Setting resource limits causes a slight performance degradation when users create sessions, because Oracle Database loads all resource limit data for each user upon each connection to the database.

See Also:

Oracle Database Administrator's Guide for detailed information about managing resources

Types of System Resources and Limits

Oracle Database can limit the use of several types of system resources, including CPU time and logical reads. In general, you can control each of these resources at the session level, call level, or both, as discussed in the following sections:

Limiting the User Session Level

Each time a user connects to a database, a session is created. Each session uses CPU time and memory on the computer that runs Oracle Database. You can set several resource limits at the session level.

If a user exceeds a session-level resource limit, then Oracle Database terminates (rolls back) the current statement and returns a message indicating that the session limit has been reached. At this point, all previous statements in the current transaction are intact, and the only operations the user can perform are COMMIT, ROLLBACK, or disconnect (in this case, the current transaction is committed). All other operations produce an error. Even after the transaction is committed or rolled back, the user cannot accomplish any more work during the current session.

Limiting Database Call Levels

Each time a user runs a SQL statement, Oracle Database performs several steps to process the statement. During this processing, several calls are made to the database as a part of the different execution phases. To prevent any one call from using the system excessively, Oracle Database lets you set several resource limits at the call level.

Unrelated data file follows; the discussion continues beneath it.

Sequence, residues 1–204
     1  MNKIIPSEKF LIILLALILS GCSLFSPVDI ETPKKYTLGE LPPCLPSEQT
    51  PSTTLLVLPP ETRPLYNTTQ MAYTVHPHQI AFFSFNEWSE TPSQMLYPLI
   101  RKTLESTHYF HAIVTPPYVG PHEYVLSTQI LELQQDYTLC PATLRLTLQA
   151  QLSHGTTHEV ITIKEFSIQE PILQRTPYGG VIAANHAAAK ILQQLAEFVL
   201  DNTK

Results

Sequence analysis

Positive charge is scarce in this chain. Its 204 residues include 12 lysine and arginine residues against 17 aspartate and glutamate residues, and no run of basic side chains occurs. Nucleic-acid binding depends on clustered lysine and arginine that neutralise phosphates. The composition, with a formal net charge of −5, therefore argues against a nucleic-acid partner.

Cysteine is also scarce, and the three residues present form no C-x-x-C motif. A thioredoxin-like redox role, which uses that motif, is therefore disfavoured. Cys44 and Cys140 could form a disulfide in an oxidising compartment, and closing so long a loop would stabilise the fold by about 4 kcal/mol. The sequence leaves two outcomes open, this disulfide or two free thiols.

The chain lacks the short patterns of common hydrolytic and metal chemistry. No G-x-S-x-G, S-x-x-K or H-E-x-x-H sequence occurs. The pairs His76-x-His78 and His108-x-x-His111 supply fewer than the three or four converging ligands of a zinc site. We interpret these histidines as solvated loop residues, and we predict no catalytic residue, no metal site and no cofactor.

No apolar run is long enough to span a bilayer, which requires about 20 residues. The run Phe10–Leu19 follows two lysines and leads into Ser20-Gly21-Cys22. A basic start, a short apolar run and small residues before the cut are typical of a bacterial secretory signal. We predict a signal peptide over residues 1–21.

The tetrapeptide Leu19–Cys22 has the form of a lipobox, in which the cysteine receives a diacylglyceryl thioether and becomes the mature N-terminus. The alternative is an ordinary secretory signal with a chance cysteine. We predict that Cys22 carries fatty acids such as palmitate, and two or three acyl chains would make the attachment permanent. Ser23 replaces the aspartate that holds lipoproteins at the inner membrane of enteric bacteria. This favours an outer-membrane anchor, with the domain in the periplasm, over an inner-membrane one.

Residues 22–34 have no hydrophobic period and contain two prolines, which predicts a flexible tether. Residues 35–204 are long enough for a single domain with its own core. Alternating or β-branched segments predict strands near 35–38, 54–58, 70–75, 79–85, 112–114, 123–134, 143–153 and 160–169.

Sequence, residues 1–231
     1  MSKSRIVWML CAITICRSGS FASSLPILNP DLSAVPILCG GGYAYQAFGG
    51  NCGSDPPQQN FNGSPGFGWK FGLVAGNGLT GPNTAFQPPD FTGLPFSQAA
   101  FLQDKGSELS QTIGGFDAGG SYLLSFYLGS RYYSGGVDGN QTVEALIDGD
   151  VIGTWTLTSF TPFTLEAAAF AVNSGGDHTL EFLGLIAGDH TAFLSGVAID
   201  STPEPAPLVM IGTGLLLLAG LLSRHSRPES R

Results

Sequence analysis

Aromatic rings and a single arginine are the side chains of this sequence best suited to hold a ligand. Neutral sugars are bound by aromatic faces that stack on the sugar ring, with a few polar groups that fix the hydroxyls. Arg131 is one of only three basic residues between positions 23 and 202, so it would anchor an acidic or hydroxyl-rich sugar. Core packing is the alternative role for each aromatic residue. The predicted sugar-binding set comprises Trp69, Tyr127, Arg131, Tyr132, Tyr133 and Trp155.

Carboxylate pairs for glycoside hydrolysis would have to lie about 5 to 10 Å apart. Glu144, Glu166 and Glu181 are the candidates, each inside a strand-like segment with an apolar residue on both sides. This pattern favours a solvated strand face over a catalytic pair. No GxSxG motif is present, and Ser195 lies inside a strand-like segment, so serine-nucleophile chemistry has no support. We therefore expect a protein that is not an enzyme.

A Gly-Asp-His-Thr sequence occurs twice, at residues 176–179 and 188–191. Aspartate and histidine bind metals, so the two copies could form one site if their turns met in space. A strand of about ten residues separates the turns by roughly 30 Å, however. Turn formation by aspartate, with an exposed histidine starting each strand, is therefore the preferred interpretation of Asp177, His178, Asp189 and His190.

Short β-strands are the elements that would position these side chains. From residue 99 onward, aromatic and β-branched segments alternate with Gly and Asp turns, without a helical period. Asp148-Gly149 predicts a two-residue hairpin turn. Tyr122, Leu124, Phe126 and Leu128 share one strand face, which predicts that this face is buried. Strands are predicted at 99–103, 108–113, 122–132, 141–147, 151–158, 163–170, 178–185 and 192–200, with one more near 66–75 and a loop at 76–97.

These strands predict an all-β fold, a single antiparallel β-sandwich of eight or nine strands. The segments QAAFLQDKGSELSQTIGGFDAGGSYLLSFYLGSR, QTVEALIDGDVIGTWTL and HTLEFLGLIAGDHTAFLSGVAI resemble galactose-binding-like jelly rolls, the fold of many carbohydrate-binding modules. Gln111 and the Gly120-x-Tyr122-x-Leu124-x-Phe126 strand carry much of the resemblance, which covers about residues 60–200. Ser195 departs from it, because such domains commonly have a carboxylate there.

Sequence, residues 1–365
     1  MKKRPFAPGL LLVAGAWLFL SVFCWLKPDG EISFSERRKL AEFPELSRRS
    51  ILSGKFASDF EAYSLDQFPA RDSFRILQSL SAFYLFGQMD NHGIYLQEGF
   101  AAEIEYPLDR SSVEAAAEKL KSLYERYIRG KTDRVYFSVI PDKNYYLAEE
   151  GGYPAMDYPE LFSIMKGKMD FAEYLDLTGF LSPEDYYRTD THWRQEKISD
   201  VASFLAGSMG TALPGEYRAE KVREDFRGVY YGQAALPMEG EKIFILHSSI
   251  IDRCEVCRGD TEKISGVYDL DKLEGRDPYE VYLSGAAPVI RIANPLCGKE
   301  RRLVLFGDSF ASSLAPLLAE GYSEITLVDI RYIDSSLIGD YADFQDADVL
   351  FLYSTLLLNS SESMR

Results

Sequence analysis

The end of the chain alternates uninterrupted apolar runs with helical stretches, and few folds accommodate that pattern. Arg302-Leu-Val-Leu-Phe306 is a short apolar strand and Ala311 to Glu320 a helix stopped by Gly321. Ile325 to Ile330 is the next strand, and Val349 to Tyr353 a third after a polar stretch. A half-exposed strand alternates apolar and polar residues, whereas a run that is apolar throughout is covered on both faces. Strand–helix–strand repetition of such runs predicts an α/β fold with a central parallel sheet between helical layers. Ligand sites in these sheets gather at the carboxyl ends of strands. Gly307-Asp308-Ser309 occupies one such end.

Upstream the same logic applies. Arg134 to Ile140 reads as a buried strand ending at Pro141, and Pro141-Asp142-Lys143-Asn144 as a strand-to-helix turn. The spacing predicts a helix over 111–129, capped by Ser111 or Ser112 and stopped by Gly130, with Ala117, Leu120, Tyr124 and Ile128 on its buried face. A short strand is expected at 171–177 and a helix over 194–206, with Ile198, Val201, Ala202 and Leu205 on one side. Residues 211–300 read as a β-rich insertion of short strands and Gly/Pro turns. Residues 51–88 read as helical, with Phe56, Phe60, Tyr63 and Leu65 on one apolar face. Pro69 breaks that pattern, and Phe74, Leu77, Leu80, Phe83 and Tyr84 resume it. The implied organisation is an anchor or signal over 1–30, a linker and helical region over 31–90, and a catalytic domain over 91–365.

If a user exceeds a call-level resource limit, then Oracle Database halts the processing of the statement, rolls back the statement, and returns an error. However, all previous statements of the current transaction remain intact, and the user session remains connected.

Limiting CPU Time

When SQL statements and other types of calls are made to Oracle Database, a certain amount of CPU time is necessary to process the call. Average calls require a small amount of CPU time. However, a SQL statement involving a large amount of data or a runaway query can potentially use a large amount of CPU time, reducing CPU time available for other processing.

To prevent uncontrolled use of CPU time, you can set fixed or dynamic limits on the CPU time for each call and the total amount of CPU time used for Oracle Database calls during a session. The limits are set and measured in CPU one-hundredth seconds (0.01 seconds) used by a call or a session.

Limiting Logical Reads

Input/output (I/O) is one of the most expensive operations in a database system. SQL statements that are I/O-intensive can monopolize memory and disk use and cause other database operations to compete for these resources.

To prevent single sources of excessive I/O, you can limit the logical data block reads for each call and for each session. Logical data block reads include data block reads from both memory and disk. The limits are set and measured in number of block reads performed by a call or during a session.

Limiting Other Resources

Oracle Database provides for limiting several other resources at the session level:

  • You can limit the number of concurrent sessions for each user. Each user can create only up to a predefined number of concurrent sessions.

  • You can limit the idle time for a session. If the time between calls in a session reaches the idle time limit, then the current transaction is rolled back, the session is terminated, and the resources of the session are returned to the system. The next call receives an error that indicates that the user is no longer connected to the instance. This limit is set as a number of elapsed minutes.